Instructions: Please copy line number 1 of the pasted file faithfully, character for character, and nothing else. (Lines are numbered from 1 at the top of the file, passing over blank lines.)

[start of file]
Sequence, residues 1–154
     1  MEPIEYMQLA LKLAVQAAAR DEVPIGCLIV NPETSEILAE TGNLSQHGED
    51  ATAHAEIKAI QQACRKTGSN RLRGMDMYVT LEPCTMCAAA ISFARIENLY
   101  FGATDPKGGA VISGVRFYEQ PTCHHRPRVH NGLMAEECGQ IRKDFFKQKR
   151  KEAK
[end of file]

Sequence, residues 1–154